Alaska: Birding the Northern Frontier
May 29 - June 16, 2022
Leader: Jan Hansen
$10,400 from Anchorage
This tour offers participants a chance to visit four very different areas of our largest state. We will spend four days exploring the sea coast and tundra around the hard scrabble town of Nome, where birds like Red- necked Stint, Aleutian Tern, Northern Wheatear, Eastern Yellow Wagtail, Arctic Warbler and Bluethroat lend the avifauna a decidedly Siberian flavor. Dare I say that over the course of our time in Nome, the spectacular will become mundane? Long- tailed Jaegers, Arctic Terns and Willow Ptarmigan are just three examples of birds that will be seen with such regularity that they will eventually become a distraction from other less abundant target species. One of these target species will be Bristle-thighed Curlew, one of the world’s rarest birds, with an estimated population of only around 10,000 individuals. The only known accessible breeding site for this species is on a dome ridge about 70 miles north of Nome and we will devote one entire day traveling to this area to search for curlews among the more common Whimbrel.
Early June is a peak time for migrants to be moving along the coastal areas near Nome and past trips have recorded Yellow-billed and Arctic loons, Bar-tailed Godwit, Slaty-backed Gull, Red Phalarope and Spectacled Eider among the more common and expected species. We will spend 4 nights in Nome, which will allow us plenty of time to explore all of Nome’s most productive areas more than once and to take advantage of the ever changing component of birds that are present at this season. We will also visit Kenai Fjords National Park, with its breathtaking vistas and scenery, where we will take an all-day boat trip to Northwest Fjord in search of seabirds like Kittlitz's and Marbled murrelets, Red-faced Cormorant, Pigeon Guillemot, Tufted and Horned puffins and mammals like Orca, Humpback Whale, Sea Otter and Steller’s Sea Lion. In the spruce stands outside of Seward we can look for more southerly species like Townsend's Warbler, Chestnut-backed Chickadee, Pine Grosbeak, Varied Thrush and Red-breasted Nuthatch, as well as test our sparrow skills with unfamiliar races of Song (rufina) and Fox (unalaschensis). We will also stop at a well-stocked feeding station at the home of a truly unique, native Alaskan character, where Rufous Hummingbirds frequently visit. In the Anchorage area the boreal forests are home to species like Bohemian Waxwing, Spruce Grouse, Boreal Chickadee and American Three-toed Woodpecker.
St. Paul Island, part of the Pribilofs island group, lies in the middle of the Bering Sea. St. Paul is famous for its nesting seabirds and annually hosts thousands of Parakeet, Least and Crested auklets, Tufted and Horned puffins, Northern Fulmar and Black-legged Kittiwakes in noisy cliff colonies just a stone's throw from observers. Sprinkled among these hordes will be a few Red- legged Kittiwakes and Red- faced Cormorants adding a bit of spice to the spectacle. In addition to the nesting cliffs, St. Paul harbors many other interesting birds including Rock Sandpiper (very common), King Eider, Harlequin Duck and Gray-crowned Rosy-Finch. Tufted Duck, Bar-tailed Godwit and Brambling are annual visitors and if winds are from the west any number of Asian vagrants can be make an unexpected appearance. Historically, the end of May has been one of the premier times to find Asian shorebirds and passerines on St. Paul with Eyebrowed Thrush, Common Greenshank, Wood Sandpiper and Common Cuckoo being examples of regular visitors.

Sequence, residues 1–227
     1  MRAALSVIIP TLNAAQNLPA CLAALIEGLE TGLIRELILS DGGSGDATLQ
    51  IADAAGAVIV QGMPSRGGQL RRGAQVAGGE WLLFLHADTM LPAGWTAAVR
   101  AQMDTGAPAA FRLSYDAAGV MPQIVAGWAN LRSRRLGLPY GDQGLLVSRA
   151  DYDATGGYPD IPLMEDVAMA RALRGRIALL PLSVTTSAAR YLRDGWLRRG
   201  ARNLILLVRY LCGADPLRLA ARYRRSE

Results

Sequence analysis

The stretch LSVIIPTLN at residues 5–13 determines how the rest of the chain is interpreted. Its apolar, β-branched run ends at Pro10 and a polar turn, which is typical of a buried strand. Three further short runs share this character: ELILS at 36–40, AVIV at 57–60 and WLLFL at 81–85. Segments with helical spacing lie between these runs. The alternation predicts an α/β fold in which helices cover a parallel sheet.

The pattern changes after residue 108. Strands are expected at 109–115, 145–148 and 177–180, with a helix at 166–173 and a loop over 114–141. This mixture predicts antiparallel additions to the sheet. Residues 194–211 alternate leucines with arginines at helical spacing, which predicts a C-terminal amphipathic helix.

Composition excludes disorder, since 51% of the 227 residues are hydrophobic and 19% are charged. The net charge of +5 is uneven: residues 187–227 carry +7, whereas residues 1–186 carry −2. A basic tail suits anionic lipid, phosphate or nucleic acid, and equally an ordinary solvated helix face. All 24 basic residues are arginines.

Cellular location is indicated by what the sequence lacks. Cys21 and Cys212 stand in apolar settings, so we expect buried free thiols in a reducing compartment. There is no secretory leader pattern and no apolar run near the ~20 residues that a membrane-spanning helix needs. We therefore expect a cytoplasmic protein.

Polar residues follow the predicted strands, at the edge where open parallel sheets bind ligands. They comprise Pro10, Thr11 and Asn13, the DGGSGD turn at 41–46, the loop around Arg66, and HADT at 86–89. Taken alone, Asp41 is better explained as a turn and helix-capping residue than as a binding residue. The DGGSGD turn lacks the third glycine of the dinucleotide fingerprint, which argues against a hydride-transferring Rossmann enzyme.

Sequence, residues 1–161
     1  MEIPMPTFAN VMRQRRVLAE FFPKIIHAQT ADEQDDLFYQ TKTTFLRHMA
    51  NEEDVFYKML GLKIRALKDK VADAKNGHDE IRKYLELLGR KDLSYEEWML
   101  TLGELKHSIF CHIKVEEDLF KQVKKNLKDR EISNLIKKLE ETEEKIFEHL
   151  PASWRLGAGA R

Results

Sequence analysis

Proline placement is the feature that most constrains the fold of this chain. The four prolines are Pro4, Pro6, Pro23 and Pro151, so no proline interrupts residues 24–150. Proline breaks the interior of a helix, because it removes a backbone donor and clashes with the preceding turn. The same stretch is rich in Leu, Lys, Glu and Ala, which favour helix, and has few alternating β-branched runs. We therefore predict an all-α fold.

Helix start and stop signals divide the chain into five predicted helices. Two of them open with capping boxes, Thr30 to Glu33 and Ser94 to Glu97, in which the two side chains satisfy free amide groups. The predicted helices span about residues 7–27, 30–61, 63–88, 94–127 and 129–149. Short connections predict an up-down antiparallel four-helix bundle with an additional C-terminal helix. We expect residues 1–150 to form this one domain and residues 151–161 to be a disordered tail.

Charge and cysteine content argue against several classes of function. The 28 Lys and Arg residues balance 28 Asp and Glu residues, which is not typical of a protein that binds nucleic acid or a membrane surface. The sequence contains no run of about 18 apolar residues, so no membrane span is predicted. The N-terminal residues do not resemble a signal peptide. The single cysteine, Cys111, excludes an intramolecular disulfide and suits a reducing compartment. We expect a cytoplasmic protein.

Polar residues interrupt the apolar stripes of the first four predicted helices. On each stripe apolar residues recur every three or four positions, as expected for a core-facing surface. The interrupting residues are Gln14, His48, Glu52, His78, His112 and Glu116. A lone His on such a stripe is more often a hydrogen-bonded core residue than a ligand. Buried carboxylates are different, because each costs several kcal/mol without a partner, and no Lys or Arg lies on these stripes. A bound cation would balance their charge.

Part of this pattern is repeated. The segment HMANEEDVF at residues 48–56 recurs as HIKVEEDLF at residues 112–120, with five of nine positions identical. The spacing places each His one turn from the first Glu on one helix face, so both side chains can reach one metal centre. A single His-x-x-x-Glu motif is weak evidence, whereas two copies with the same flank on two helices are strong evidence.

The final portion of the tour will take us far above the Arctic Circle to Utqiagvik (formerly known as Barrow), America’s northernmost town, where for 67 days during the summer months the sun never sets. Utqiagvik is an experience, a true frontier town on the edge of the Alaskan wilderness surrounded by the icy waters of the Bering Sea and endless rolling tundra pocked with wetlands carved out by the constant shifting and melting of ice and its runoff. It is a fascinating landscape and somewhat otherworldly to those of us generally confined to the lower 48. It is also a harsh and unforgiving place with brutal temperature extremes, violent storms, endless darkness during the winter and endless daylight during the summer. The waters of the Beaufort Sea are often still ice- covered in mid-June and the winds off of the ice can make it feel more like December to the non- initiated. However, amidst this harsh and brutal land, two of the Far North’s rarest birds can be found: Steller’s and Spectacled eiders. Sadly, the numbers of both of these species has been rapidly dwindling and they are no longer as easy to find as they once were. Past trips have been successful though, and we hope that that trend will continue in 2022.
In addition to the target eiders, Barrow has much more to offer the visiting birder. Colorful Red Phalaropes seem to be on every puddle and pond, a small number of Buff-breasted Sandpipers still perform their elaborate courtship ritual and the soft booming of displaying Pectoral Sandpipers is an unforgettable sight and sound. Pomarine Jaegers replace the Long-tailed and Parasitic variety that are so common further south and it’s always possible to find a Slaty-backed Gull among the hordes of Glaucous Gulls. King Eider and Long-tailed Ducks can be abundant, Snowy Owls nest on the tundra outside of town and Yellow-billed Loons occasionally turn up in near shore waters.
Utqiagvik is always exciting and never boring. The combination of habitats visited throughout the tour ensures a lengthy bird list that is certain to be filled with many life birds for everyone involved. That, coupled with the spectacular and unforgettable landscapes that will be the daily backdrop for our travels, is sure to make this trip one of the most memorable you have ever experienced.